23. As argued by the counsel on her behalf, she could no longer drive around on her own. She is no longer self supportive. She used to do sewing all her life out. She can no longer do sewing as she used to. She liked cooking and baking not only for herself or family but also for other people and friends. She can no longer do all of these. She can no longer entertain people as she used to do. She can no longer use her right hand to comb with ease. She indicated in court how she struggles to comb herself. She can no longer easily dress up herself. She can no longer set up the bed with ease whilst she is presently at an old age village. If she wants to go somewhere she must either hire a taxi or ask someone to drive her around. She used to be an active old lady till up to the 24 January 2005. She misses the activities she used to do.

24. The plaintiff appeared to be a strong willed old lady. Clearly when she demonstrated how she struggles to comb herself, it became clear that she should be struggling to do things which she used to do on her own. However, somewhere along the way, age would have caught up with her irrespective of the injuries she sustained on the 24 January 2005. For example, because of her old age, her son testified that he could no longer allow her and feel safe if she had to drive herself to busy places. One cannot blame her son for this. For her own safety and for the safety of others it was necessary to do so. I do not think that she would for ever have been in a position to do everything which she used to do on her own.

25. An assessment of general damages is not an easy task. Having considered all relevant factors, one would have to come up with an amount that is fair, and reasonable. You always try to reach a middle road. Having considered all relevant factors and case laws I was referred to regarding assessment of general damages, I am of the view that R75 000 would be appropriate.

26. This should then bring me to consider an issue of costs. I have been told that Dr Engelbrecth was put on stand by until Tuesday the 1 December 2009. The hearing of evidence in this matter started on the 2 December 2009, and only on this date did the plaintiff indicate that she would not go for an operation, that is, surgical procedure referred to in the report. The report by Dr Engelbrecth was admitted before the 1 December 2009. The suggestion during argument was that it was necessary to put Dr Engelbrecht on stand by on the 1 December 2009 because she was expected to give an opinion that the plaintiff will not readily consent to surgery to her shoulder due to the risk involved. This in my view, would have been unnecessary as it eventually appeared to have been so. The decision on the risk involved would have been or was only for the plaintiff to make. It was dependent entirely on the plaintiff. For example, if she had to say she wanted to undergo surgical procedure, nothing the doctor could have done about. Similarly, if she had decided not to go for such a procedure, nothing the doctor could have done about. She was briefed on the risk long before the 1 December 2009. I am therefore not satisfied that doctor Engelbrecht should be entitled to the costs as suggested.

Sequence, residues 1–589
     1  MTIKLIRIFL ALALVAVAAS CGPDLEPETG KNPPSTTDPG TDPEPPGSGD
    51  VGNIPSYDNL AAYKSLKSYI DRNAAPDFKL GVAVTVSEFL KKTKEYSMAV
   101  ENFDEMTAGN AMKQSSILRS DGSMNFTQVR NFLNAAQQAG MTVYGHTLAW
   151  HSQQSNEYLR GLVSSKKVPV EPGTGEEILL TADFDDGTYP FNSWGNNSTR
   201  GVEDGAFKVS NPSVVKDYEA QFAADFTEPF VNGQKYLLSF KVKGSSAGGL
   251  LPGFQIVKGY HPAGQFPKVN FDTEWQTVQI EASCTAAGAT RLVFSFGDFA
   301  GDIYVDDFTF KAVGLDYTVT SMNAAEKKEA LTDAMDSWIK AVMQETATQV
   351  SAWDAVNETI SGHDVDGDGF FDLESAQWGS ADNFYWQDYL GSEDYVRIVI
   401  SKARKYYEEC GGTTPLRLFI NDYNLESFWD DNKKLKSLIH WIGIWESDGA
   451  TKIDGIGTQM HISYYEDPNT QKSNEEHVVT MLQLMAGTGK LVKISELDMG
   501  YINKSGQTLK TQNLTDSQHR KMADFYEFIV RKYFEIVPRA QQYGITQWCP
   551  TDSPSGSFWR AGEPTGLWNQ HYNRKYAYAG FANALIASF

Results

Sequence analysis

27. Lastly, an issue was raised that any award falling within the magistrate's jurisdiction should disentitle the plaintiff to costs on the Supreme Court scale. I do not think that this was an easy matter. Choice of forum by the plaintiff in the circumstances of the case cannot be said to have been unreasonable.

28. Consequently, judgment is hereby granted in favour of the plaintiff as follows:

(a) the defendant to pay R2425.17 being for past medical expenses,

(b) the defendant to pay R20 000 being in respect of future medical expenses,

(c) the defendant to pay R75 000 being in respect of general damages,

(d) payments in (a) to (c) above are subject to the apportionment of 20% against the plaintiff,

(e) the defendant to pay costs of the action on the Supreme Court party and party scale.




Attorneys For the Plaintiff: 186 Beech Street, Lynnwood Ridge, PRETORIA Tel: 012 365 3315 Ref: MH0009


Attorneys for the defendant

195 Blake Street,

Cnr. Blake & Malan Streets,


Tel: 012 329 7126